Ashleigh: These anthems are hard to choose from. “My Own Worst Enemy” is an iconic banger that has stood the test of time. But My Chem fans always come through. Both songs deal with internalizing oneself and facing inner demons. Lit has captured fans across two decades, and “My Own Worst Enemy” isn’t going anywhere anytime soon.
(2) Panic! At the Disco’s “I Write Sins Not Tragedies” vs. Blink-182’s “First Date”
Tim: “I Write Sins Not Tragedies” has gone from cult classic to the mainstream zeitgeist of an entire decade. It’s impressive that a song from an album with 10-word-long track titles and whimsical experimentation made such an immaculate impression. Without it, Panic! At the Disco would not be the famed stars that they are. On the other hand, “First Date” is merely another hit in Blink-182’s dense catalog of hits (as defining as it is for awkward teenage romantics). “Tragedies” shouldn’t have a problem winning this one.
Adit: It’s no secret that “First Date” hasn’t aged well with all Blink-182 fans. Regardless, the song served as an introduction to the genre for some many, myself included. The same argument could be made for Panic!’s influence on emo with their signature song, but it’s hard for me to accept that as a haymaker against Blink. This battle will come down to perspective, and whether fans side harder with the genre’s initial heyday or the Fueled by Ramen legacy.
Previewing the Round of 32: Catchy Chorus Central
(1) Jimmy Eat World’s “The Middle” vs. (9) Something Corporate’s “Punk Rock Princess”
Adit: Something Corporate’s win over A Day to Remember made it clear that Pop-Punk May Madness voters are fans of the early aughts. That fact makes this battle even more challenging, pitting one of the genre’s timeless tracks with a cult classic. Something Corporate has the momentum to put up a fight, but Jimmy Eat World will be hard to beat here.
Ashleigh: “The Middle” is always going to be tough competition Something Corporate has always been a fan favorite, but “Punk Rock Princess” can’t hold a candle to Jimmy Eat World’s most influential and popular song. (I still love you, Andrew McMahon.)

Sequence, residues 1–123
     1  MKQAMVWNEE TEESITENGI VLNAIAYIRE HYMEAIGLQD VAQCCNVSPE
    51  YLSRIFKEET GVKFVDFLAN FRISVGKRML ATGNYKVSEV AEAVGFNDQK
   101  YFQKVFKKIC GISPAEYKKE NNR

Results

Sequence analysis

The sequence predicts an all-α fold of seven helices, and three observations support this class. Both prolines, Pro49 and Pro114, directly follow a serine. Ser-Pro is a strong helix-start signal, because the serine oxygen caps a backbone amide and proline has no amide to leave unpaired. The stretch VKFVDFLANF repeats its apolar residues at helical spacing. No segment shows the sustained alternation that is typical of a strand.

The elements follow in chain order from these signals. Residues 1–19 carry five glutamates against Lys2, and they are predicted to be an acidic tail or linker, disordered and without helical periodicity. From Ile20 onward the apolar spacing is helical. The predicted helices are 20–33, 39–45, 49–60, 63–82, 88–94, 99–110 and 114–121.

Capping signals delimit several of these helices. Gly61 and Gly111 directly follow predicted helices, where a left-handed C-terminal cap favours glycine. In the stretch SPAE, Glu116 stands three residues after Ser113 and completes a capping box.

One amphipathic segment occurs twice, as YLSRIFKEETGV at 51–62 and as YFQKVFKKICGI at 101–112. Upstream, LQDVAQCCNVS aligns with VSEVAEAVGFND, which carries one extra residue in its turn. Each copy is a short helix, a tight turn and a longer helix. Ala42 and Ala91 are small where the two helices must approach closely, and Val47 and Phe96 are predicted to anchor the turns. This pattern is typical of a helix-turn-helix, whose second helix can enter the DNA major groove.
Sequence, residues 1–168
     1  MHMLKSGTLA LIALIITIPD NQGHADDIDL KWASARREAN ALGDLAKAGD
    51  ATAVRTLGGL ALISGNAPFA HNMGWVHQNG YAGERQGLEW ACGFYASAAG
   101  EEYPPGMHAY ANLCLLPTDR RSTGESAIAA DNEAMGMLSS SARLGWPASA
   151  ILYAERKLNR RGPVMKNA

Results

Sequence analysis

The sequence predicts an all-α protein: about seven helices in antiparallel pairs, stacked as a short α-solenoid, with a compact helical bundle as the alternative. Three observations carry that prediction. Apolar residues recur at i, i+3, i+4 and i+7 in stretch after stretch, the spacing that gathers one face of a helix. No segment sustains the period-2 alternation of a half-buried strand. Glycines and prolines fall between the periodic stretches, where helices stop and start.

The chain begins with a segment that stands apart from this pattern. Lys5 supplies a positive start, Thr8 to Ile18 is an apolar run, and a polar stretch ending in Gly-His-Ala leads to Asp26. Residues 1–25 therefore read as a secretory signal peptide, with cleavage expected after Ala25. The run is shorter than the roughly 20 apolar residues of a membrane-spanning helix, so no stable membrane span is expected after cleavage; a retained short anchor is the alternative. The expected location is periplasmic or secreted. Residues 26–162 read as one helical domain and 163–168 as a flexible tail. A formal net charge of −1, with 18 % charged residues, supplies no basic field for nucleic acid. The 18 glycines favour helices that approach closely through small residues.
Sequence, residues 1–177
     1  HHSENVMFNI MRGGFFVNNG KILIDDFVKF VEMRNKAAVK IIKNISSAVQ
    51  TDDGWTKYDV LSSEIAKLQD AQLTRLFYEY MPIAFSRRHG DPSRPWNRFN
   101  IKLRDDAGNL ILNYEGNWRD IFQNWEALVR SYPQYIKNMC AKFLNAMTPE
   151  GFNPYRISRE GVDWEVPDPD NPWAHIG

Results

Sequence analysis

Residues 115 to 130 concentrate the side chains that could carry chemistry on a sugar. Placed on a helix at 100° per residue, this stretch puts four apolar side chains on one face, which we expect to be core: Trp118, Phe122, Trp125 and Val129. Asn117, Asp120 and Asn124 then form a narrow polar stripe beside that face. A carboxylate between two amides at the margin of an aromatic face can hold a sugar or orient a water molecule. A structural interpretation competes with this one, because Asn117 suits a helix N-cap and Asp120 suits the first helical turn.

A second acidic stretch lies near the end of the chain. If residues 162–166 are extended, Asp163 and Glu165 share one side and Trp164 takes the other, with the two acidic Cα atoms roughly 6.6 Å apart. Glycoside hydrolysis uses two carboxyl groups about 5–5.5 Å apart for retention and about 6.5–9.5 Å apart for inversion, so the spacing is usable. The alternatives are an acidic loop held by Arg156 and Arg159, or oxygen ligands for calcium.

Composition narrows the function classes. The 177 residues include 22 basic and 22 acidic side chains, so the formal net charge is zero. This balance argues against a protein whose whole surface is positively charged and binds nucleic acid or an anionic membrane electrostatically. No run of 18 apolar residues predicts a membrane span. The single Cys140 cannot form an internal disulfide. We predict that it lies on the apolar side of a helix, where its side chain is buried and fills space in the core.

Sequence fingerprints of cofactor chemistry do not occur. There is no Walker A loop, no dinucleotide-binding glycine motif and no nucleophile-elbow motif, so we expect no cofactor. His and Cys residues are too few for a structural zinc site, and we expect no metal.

(4) All Time Low’s “Dear Maria, Count Me In” vs. (12) Simple Plan’s “I’d Do Anything”
Tim: I was a bit surprised “I’d Do Anything” took down “Check Yes Juliet” in round one, but apparently tween punk has aged better than we thought. Plus, “I’d Do Anything” is an extremely fun song from the most cherished era of pop-punk (circa 2002). It will have to defeat another song from the latter half of the decade (and the same year as the We the Kings hit). But All Time Low is the bigger band, and “Dear Maria” is the bigger hit.
Ashleigh: Be still my heart! Simple Plan has always and will always be my band. “I’d Do Anything” is a pop-punk love song that never fails to leave a smile on my face. ATL and Simple Plan have heavy Blink influences that make both of these songs tough competition. Between the “na-na-nas” and Mark Hoppus’s cameo, my heart says Simple Plan, but my head says ATL.
(3) Sum 41’s “In Too Deep” vs. (6) Avril Lavigne’s “Sk8er Boi”
Adit: This isn’t the first pairing between two artists with sticky personal histories. Deryck Whibley and Avril Lavigne were in completely different spheres when their signature tracks dropped, but it’s hard not to pit their legacies against each other here. Both artists settled most of their pop-punk legacy with their debut records, and these songs played major roles in making that happen. Barring an Avril fan onslaught, it makes sense to pick Sum 41 here.